2012 | 2 | 137-144
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St. Symeon the New Theologian and Western Dissident Movements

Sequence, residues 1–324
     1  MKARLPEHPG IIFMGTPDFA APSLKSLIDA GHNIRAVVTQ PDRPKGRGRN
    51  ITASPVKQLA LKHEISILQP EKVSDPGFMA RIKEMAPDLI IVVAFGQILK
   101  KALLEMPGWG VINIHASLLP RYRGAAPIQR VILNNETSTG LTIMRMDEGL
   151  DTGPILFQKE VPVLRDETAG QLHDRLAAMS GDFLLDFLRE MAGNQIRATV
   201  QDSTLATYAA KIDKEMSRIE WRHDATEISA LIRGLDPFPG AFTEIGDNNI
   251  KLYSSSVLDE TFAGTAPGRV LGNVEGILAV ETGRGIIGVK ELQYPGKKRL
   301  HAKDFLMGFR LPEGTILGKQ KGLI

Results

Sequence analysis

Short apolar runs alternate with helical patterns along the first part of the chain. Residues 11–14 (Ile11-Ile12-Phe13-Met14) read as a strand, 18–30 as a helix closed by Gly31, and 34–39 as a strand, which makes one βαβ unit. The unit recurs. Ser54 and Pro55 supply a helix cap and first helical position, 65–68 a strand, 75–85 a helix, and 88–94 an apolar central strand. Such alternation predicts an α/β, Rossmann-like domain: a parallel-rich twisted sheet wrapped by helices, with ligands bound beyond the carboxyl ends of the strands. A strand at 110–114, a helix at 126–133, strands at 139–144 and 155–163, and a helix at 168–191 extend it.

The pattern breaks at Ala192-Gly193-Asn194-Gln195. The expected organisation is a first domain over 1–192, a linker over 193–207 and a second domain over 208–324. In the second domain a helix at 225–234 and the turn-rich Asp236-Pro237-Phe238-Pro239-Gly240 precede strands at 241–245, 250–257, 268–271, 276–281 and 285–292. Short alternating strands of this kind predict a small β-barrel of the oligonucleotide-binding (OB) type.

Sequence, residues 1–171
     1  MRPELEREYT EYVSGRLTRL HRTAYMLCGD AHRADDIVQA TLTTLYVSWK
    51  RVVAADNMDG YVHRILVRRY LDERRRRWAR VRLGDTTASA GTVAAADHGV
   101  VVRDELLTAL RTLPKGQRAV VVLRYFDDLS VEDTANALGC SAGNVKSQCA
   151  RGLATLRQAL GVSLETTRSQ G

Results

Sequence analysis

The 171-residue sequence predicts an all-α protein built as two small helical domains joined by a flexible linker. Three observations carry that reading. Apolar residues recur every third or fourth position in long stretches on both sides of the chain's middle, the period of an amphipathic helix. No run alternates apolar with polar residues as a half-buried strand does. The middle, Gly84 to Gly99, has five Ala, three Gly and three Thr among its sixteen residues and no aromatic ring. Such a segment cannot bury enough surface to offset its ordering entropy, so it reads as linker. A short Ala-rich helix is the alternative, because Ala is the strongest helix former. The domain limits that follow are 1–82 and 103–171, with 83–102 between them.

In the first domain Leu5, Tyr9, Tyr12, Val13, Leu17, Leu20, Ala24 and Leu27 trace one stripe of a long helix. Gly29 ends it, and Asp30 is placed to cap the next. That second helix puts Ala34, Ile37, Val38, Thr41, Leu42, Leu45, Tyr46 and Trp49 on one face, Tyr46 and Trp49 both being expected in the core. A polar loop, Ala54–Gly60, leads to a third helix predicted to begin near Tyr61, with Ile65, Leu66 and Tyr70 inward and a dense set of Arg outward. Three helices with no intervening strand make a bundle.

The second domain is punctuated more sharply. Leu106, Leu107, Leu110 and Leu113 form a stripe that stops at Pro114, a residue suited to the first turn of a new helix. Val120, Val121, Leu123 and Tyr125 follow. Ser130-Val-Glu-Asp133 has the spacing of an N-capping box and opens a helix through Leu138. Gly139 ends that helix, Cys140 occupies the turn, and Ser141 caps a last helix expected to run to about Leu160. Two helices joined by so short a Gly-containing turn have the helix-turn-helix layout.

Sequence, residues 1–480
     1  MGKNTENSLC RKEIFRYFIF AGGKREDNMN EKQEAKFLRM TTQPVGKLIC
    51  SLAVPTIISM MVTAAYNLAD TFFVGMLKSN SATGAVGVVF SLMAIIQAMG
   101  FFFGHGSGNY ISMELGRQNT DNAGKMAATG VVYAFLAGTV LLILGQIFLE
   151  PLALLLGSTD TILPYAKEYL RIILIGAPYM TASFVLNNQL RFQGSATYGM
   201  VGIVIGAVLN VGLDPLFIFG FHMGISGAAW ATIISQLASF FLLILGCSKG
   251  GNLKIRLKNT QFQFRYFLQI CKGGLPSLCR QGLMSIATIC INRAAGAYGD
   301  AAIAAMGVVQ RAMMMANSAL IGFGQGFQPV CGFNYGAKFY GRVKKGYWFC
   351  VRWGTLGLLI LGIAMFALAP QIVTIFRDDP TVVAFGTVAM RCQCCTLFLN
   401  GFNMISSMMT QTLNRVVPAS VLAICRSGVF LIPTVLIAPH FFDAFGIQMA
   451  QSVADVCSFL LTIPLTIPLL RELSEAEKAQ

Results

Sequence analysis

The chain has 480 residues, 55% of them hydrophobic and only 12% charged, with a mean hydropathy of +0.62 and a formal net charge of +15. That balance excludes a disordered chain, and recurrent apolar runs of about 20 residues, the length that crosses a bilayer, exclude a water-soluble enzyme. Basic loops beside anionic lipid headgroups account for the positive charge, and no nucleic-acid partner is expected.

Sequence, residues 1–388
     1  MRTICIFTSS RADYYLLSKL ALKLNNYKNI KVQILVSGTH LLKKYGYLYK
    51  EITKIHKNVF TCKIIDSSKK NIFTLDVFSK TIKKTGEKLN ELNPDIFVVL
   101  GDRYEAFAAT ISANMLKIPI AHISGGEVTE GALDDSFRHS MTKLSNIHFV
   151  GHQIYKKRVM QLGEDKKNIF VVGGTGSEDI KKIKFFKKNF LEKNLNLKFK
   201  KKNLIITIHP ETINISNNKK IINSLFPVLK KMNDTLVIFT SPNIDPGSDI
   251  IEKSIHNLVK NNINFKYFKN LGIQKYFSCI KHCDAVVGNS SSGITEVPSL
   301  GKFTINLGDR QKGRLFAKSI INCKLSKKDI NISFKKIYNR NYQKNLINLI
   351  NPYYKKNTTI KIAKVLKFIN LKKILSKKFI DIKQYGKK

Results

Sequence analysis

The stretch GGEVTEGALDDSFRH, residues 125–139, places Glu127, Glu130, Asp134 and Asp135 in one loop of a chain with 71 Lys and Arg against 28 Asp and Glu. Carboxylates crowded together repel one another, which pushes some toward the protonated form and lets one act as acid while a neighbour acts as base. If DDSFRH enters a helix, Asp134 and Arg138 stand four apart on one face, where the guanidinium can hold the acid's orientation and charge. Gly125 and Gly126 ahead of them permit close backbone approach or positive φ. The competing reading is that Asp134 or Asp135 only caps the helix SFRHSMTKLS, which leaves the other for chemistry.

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The trial at Orleans in 1022 of a group of aristocratic clergy, who included the confessor of Queen Constance of France, and their followers on the charge of heresy is the most fully reported among the group of heresy trials which were conducted in the Western Church during the first half of the eleventh century. Although the alleged heretics of Orleans are usually considered a part of a wider pattern of Western religious dissent, the charges brought against them differ considerably from those levelled against the other groups brought to trial in that period. The heterodox beliefs with which the canons of Orleans were charged bear a strong resemblance to the teachings of the Byzantine abbot, St. Symeon the New Theologian, who died in 1022. St. Symeon taught that it was possible for a Christian to experience the vision of God in this life if he or she received ascetic guidance from a spiritual director, who need not be a priest. In the late tenth and early eleventh centuries a significant number of Orthodox monks visited northern Europe, including Orleans, and some of them settled there. It is therefore possible that the Canons of Orleans who were put on trial had been trained in the tradition of St. Symeon by one of those Orthodox monks who were familiar with it. St. Symeon was part of the Hesychast tradition in the Byzantine Church. Even so, his emphasis on the supremacy of personal religious experience at the expense of the corporate worship of the institutional Church was strongly criticised by some of his contemporaries. A study of his writings shows that he was, in fact, completely Orthodox in faith and practice and that these criticisms were ill-judged. Nevertheless, if, as we have suggested, the Canons of Orleans had tried to live in accordance with his teachings, the hostile reactions of the Western hierarchy would be comprehensible. For there was no tradition of Hesychasm in the spirituality of the Western Church, and the fact that the dissidents at Orleans saw little value in observing the rituals of the established Church would have alarmed conventional churchmen.
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